The Campaign for the University at Albany
by Michael Messitt
In 1956, North Carolina native Margaret “Meg”
Stewart joined the University’s biology faculty
after receiving her Ph.D. at Cornell. Her distinguished
teaching and research career at the University
reflects a focus on natural history and field
biology. Prior to her retirement in 1997, she
championed the launch of the Biodiversity, Conservation,
and Policy Program. As professor emeritus, she
has remained involved with the program’s development.
In December 2003, Stewart made a gift to endow
the program through the establishment of the Margaret
M. Stewart Graduate Scholarship in Biodiversity,
Conservation, and Policy.
Stewart emphasized that the program’s unique,
interdisciplinary structure stems from “the link
between the study of the environment and the diversity
of life with planning and public policy solutions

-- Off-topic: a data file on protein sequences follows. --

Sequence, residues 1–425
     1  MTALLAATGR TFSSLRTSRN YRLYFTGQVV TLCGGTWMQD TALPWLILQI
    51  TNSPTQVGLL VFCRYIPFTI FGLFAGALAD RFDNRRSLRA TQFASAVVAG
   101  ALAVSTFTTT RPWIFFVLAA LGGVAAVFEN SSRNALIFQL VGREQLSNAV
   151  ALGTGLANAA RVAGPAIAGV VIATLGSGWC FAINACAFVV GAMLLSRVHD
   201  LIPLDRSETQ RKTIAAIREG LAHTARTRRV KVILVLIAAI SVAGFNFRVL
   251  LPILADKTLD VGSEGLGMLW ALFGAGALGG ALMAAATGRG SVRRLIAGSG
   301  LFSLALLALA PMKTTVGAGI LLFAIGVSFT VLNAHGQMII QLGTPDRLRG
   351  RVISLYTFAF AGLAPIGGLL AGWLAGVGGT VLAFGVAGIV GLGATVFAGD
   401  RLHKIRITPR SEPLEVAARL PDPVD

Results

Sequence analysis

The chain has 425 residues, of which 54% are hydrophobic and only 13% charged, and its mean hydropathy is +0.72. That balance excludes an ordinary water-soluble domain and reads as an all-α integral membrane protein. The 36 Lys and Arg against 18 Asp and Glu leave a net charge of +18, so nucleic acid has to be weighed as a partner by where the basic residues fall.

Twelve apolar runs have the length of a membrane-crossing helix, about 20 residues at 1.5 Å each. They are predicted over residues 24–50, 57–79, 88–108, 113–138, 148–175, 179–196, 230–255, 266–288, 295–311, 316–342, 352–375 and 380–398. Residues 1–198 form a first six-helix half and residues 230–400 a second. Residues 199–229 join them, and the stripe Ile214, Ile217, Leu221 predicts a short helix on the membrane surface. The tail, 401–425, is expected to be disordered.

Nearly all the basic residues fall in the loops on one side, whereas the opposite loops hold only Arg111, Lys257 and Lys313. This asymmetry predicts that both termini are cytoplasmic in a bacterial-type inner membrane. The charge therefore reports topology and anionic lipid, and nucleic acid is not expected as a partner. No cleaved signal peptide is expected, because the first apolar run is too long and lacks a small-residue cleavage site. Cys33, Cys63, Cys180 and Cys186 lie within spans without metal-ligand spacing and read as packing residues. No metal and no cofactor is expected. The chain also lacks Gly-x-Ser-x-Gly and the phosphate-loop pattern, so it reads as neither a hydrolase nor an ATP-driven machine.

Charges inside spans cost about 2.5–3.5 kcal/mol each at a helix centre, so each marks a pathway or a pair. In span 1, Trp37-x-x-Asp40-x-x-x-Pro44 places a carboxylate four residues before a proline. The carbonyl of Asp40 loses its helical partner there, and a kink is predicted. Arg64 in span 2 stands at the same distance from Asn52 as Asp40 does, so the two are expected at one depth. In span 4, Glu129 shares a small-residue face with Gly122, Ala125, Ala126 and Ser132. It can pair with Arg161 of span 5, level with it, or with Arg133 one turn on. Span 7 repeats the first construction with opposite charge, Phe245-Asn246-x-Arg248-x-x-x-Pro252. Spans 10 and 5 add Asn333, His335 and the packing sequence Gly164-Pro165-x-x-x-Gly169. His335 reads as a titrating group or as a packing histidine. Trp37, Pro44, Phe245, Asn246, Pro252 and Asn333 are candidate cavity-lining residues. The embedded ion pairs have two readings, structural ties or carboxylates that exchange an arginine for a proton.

that preserve our diverse species and natural
habitats.” The program accepted its first student
in 1998; 18 students have earned degrees to date.
She cites the support of many within the University,
including George Robinson, Gary Kleppel, Jeryl
Mumpower, George Richardson, and Thomas Birkland,
who were instrumental in designing and implementing
“Professor Stewart worked tirelessly to create
a unique program that combines science and policy
and produces professionals who can function in
the complex and multi-dimensional environments
of modern conservation and natural resources management.
Meg’s gift to the biodiversity program ensures
her legacy, through the good works of the students
it will support for years to come,” said Kleppel,
Albert Millis, chair of the Department of Biological
Sciences, also expressed his gratitude for the
gift. “This extraordinary gift is just another
example of Meg’s generosity in supporting our
programs and students in field biology and biodiversity.
She continues to take an active interest in the
program that she initiated and for that we are
grateful,” he added.